WILMINGTON, Del. (Reuters) - Contura Energy Inc and Alpha Natural Resources Holdings Inc said on Monday they agreed to merge, creating the largest U.S. producer of metallurgical (met) coal, used in steelmaking, and reuniting the two businesses that were split following a 2015 bankruptcy.
The deal comes as investors look for consolidation in an industry that is recovering from a deep downturn in 2015 and 2016, when several coal producers filed for bankruptcy in the wake of cheap natural gas and stricter regulations.
Under terms of the all-stock deal, Alpha shareholders will end up owning 46.5 percent of the merged entity. The two companies said they sold a combined 12.6 million tons of metallurgical coal in 2017, vaulting the merged company ahead of Coronado Resources Ltd of Vancouver.
The merged company will own 1 billion tons of coal reserves, according to a securities filing.
The deal gives Alpha and Contura increased scale and financial muscle, and the merged company expects to list its common stock on the New York Stock Exchange when the deal closes, giving it capital for more acquisitions.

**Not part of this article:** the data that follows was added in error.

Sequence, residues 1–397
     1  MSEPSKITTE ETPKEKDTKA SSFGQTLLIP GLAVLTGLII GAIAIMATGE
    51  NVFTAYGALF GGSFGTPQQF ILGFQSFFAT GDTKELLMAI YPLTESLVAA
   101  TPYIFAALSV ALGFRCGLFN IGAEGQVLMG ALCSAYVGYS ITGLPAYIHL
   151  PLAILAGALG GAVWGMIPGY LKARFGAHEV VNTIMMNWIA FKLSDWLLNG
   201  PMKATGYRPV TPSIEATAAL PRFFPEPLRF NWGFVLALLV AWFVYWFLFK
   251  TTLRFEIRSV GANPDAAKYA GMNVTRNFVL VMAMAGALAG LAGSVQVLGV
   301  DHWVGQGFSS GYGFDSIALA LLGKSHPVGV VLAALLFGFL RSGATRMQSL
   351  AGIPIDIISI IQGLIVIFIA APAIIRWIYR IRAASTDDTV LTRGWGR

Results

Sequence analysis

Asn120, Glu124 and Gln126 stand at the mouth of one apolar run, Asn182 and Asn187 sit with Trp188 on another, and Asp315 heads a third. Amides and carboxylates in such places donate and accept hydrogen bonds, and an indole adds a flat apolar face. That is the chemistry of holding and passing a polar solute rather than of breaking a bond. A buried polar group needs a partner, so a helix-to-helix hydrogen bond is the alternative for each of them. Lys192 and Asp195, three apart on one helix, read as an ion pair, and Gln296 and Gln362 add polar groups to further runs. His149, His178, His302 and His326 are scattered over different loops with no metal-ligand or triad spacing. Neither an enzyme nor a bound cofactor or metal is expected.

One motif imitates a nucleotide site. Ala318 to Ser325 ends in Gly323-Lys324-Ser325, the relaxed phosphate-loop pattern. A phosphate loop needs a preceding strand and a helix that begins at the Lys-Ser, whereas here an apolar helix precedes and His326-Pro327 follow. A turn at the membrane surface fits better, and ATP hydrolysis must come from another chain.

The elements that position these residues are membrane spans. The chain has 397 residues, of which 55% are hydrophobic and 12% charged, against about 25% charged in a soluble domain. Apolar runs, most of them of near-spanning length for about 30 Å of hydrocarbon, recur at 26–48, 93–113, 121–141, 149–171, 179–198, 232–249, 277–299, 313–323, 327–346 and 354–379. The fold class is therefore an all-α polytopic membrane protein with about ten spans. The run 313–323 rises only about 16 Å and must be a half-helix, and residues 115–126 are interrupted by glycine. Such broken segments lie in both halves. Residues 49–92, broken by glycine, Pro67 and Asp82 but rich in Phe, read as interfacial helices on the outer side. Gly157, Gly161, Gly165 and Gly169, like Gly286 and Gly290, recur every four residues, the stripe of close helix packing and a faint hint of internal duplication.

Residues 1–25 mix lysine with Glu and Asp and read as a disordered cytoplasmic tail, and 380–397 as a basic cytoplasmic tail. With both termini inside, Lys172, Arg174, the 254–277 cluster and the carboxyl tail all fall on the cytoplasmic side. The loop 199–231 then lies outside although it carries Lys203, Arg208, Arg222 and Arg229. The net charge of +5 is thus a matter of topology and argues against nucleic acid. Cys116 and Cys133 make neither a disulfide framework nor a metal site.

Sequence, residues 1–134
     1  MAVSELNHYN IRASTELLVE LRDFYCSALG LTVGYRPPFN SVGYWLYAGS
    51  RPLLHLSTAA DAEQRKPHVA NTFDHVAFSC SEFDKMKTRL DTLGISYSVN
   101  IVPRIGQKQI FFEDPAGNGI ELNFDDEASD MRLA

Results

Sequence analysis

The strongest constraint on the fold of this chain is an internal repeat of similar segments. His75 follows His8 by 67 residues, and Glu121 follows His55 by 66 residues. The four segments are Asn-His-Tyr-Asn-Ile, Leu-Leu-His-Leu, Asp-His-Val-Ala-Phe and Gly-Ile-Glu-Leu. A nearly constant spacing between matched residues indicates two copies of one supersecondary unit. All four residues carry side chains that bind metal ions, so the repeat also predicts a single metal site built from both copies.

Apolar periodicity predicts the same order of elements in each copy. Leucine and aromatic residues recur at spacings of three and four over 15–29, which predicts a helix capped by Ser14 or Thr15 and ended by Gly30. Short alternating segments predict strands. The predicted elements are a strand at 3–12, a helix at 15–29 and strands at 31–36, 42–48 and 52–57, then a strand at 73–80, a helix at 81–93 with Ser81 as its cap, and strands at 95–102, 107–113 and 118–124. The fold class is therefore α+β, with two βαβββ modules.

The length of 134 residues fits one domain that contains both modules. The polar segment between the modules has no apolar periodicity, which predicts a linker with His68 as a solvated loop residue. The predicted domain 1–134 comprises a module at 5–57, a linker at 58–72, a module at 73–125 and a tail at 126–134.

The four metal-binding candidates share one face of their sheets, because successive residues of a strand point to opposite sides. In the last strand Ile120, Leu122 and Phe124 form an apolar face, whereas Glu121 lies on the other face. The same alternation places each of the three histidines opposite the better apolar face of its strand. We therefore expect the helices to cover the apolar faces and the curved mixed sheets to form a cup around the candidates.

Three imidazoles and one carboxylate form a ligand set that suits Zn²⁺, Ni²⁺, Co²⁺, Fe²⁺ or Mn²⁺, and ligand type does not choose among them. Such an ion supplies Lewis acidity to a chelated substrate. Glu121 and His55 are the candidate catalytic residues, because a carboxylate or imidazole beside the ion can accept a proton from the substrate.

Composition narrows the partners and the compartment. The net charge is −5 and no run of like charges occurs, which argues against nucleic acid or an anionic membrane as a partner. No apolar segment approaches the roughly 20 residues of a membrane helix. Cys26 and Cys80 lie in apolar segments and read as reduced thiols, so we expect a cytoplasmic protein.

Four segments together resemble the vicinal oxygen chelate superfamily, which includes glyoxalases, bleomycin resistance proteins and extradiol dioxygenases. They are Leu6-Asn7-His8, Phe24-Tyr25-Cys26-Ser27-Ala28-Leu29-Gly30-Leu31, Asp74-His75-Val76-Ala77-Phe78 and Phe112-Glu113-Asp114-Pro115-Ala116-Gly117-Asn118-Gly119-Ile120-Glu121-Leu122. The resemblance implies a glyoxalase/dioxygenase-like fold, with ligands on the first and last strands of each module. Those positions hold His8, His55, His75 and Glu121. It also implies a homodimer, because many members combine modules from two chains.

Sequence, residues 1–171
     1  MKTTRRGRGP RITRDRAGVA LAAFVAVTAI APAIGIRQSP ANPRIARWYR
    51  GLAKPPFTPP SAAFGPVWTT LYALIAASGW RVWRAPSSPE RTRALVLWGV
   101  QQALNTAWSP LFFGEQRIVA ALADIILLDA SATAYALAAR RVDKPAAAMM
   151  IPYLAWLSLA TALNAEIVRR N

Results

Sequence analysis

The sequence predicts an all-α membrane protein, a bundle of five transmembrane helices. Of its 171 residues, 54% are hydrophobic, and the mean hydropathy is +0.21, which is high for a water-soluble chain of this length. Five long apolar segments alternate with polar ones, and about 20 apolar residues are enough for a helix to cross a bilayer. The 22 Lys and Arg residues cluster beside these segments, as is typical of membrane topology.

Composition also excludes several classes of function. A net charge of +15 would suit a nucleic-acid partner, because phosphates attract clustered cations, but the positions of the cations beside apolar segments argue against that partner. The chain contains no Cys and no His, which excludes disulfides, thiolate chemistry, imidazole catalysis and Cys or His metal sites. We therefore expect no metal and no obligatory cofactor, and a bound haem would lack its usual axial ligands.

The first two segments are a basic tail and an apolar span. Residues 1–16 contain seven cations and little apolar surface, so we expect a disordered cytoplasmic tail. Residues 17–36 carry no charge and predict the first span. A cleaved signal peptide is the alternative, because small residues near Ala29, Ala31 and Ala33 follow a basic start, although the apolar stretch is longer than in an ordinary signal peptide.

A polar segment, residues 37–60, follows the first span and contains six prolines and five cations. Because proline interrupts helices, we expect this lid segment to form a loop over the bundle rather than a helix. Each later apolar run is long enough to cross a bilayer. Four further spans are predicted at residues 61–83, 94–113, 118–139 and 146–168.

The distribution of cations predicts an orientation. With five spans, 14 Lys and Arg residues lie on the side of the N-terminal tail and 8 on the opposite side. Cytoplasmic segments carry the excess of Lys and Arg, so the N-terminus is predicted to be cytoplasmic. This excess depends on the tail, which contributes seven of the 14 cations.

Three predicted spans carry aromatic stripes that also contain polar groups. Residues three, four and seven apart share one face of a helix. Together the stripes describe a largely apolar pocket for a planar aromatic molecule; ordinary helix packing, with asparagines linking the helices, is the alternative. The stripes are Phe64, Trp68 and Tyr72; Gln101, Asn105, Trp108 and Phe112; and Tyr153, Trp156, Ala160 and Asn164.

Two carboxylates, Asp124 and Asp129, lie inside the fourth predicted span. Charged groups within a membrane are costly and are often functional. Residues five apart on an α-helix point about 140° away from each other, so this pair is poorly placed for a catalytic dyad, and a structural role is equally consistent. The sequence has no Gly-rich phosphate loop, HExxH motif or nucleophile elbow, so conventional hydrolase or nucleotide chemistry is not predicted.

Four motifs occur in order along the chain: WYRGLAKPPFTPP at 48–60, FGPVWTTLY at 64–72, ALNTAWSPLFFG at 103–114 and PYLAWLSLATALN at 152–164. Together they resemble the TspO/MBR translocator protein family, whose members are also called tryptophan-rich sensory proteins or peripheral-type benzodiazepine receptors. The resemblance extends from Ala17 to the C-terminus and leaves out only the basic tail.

Contura’s stock, which currently trades over the counter, was unchanged at $66.50 per share in afternoon trading, giving the company a market capitalization of about $685 million, according to Eikon.
Alpha’s reorganization under Chapter 11 bankruptcy significantly reduced the company’s debt, which had totaled more than $7 billion when it filed.
Contura owned mines in Wyoming that produced more thermal coal, while Alpha owned mines centered in Appalachia.
Last year, Contura sold its Wyoming mines and Alpha reduced its clean-up obligations for idled mines.
The merged company will have mines concentrated in West Virginia and southwest Virginia and a large coal export terminal on Virginia’s coast to serve the global market for met coal.
The combination will produce cost savings of up to $50 million per year, according to a statement.
The combined company will be led by Kevin Crutchfield, who took over as chief executive officer of Alpha in 2009 and took on that role at Contura after the bankruptcy. Alpha’s current chairman and CEO, David Stetson, will join the board of the combined company.
Prices of coal have rallied since the bankruptcies of Alpha and other coal companies such as Peabody Energy Corp and Arch Coal Inc, thanks to strong demand from Asia. For the first time in years, up to 90 percent of global coal miners are profitable.
Reporting by Tom Hals in Wilmington, Delaware; Editing by David Gregorio